Skip to Main content Skip to Navigation
Journal articles

The impact of facial emotional expressions and sex on interpersonal distancing as evaluated in a computerized stop-distance task.

Abstract : This study utilizes a novel computerized stop-distance task to examine social space preferences of young adult female and male participants (18-23 years old) who envisioned being approached by others of both sexes who were displaying different facial emotional expressions. The results showed that those displaying anger were kept furthest away, followed by those displaying fear, then sadness, and then neutral expressions, leaving those displaying happiness closest to the participant. It was observed that female participants maintained greater distance from approachers than male participants, and that female approachers were allowed to come nearer than male approachers. These sex differences were observed for most of the emotional facial expressions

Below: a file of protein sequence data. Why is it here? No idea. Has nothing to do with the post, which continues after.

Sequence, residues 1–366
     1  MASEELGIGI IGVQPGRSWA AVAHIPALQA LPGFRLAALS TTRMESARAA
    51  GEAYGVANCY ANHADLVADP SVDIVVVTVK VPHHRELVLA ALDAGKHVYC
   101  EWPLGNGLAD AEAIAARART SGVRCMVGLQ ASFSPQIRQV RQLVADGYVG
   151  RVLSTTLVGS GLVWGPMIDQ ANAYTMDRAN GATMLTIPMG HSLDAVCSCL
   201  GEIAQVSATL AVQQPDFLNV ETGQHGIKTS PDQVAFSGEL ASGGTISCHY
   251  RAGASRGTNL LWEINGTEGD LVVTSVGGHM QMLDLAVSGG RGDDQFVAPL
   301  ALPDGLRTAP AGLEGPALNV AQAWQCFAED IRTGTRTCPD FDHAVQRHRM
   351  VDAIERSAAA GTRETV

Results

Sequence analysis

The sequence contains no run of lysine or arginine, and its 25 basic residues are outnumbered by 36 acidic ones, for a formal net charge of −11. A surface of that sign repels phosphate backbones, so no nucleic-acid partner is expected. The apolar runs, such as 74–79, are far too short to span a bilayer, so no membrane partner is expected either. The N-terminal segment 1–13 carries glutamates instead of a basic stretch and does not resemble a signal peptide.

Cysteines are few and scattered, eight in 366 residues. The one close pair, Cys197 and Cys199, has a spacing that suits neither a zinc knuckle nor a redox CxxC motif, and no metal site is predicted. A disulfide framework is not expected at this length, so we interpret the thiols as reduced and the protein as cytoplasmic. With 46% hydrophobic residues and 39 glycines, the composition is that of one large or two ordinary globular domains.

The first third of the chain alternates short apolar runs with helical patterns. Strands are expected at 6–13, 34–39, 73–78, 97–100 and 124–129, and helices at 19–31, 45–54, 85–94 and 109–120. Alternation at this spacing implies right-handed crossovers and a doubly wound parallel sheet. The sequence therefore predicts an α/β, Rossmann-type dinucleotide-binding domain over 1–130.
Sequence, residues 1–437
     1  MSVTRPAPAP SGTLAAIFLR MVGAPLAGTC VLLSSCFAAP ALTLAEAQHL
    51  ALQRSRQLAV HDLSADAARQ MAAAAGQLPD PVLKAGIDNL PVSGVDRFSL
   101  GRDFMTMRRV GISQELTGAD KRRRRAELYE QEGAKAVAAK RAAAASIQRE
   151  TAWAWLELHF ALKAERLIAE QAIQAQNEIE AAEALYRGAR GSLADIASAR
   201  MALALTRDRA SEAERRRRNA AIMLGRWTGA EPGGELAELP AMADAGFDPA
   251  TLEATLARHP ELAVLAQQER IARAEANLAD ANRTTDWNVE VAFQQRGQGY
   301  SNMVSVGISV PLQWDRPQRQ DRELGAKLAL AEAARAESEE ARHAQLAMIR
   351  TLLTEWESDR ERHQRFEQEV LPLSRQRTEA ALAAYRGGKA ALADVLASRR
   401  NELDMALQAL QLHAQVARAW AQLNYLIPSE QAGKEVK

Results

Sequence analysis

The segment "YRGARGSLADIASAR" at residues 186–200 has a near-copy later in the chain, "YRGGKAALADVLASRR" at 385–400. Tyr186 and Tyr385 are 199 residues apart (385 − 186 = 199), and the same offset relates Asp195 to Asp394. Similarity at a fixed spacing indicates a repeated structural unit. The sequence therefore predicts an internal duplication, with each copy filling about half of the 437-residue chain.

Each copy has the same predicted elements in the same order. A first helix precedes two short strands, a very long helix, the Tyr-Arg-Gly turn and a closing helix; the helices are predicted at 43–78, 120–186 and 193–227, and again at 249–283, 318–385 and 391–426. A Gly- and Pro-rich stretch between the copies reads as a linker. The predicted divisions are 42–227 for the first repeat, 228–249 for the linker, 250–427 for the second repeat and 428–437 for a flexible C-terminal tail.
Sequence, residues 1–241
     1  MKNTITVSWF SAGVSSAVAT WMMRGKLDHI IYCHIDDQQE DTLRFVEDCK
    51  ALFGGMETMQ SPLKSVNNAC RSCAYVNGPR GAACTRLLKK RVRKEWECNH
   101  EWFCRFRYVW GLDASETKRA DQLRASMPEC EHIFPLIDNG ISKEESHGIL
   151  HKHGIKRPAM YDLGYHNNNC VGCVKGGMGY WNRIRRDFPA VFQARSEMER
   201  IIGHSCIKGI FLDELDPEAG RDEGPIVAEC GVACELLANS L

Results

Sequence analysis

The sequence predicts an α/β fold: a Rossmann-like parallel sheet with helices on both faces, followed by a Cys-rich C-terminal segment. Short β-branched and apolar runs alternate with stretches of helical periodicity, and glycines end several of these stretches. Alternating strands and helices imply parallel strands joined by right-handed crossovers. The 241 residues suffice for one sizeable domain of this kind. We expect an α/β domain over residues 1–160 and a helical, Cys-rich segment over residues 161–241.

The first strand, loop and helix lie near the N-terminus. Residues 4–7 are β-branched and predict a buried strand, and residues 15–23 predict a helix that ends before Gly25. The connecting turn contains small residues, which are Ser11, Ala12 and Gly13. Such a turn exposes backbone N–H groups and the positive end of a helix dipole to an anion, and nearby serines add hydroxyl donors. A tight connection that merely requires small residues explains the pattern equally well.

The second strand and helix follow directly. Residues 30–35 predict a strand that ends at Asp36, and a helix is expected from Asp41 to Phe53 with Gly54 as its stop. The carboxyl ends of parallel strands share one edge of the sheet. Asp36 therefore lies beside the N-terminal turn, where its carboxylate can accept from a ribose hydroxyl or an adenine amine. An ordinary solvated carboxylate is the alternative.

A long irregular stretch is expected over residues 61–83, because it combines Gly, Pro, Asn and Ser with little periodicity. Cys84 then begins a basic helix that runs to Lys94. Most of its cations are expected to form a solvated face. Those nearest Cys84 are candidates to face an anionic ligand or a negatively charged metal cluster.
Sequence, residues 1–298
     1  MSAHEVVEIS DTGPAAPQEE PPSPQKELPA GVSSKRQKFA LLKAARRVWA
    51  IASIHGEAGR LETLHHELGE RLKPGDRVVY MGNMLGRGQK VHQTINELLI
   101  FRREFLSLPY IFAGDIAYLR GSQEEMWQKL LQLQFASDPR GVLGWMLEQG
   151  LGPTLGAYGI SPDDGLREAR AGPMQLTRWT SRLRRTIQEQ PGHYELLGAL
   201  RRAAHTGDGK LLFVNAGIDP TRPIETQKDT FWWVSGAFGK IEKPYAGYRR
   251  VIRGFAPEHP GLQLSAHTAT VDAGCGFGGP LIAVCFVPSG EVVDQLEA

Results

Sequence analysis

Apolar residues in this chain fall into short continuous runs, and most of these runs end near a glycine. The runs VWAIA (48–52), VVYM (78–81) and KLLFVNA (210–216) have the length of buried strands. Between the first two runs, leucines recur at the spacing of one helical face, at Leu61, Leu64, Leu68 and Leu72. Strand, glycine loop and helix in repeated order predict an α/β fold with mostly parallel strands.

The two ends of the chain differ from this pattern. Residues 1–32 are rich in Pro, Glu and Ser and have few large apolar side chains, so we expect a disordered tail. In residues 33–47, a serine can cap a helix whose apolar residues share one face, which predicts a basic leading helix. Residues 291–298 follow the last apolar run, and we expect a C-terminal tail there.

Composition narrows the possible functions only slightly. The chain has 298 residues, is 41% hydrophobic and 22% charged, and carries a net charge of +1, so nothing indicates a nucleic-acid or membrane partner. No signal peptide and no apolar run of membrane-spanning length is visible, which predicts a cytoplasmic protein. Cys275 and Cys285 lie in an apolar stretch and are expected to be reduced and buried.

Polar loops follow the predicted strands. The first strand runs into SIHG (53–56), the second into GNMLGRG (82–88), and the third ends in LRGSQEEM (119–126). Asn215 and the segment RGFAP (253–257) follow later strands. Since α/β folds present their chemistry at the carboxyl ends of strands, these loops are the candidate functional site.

Document type :
Journal articles
Complete list of metadata

https://hal-uphf.archives-ouvertes.fr/hal-03623331
Contributor : Mylène Delrue Connect in order to contact the contributor
Submitted on : Tuesday, March 29, 2022 - 4:16:38 PM
Last modification on : Wednesday, March 30, 2022 - 3:59:59 AM

Identifiers

Collections

Citation

Holly Miller, Anne-Sophie Chabriac, Mikael Molet. The impact of facial emotional expressions and sex on interpersonal distancing as evaluated in a computerized stop-distance task.. Canadian Journal of Experimental Psychology, Canadian Psychological Association, 2013, 67 (3), pp.188-194. ⟨10.1037/a0030663⟩. ⟨hal-03623331⟩

Share

Metrics

Record views

8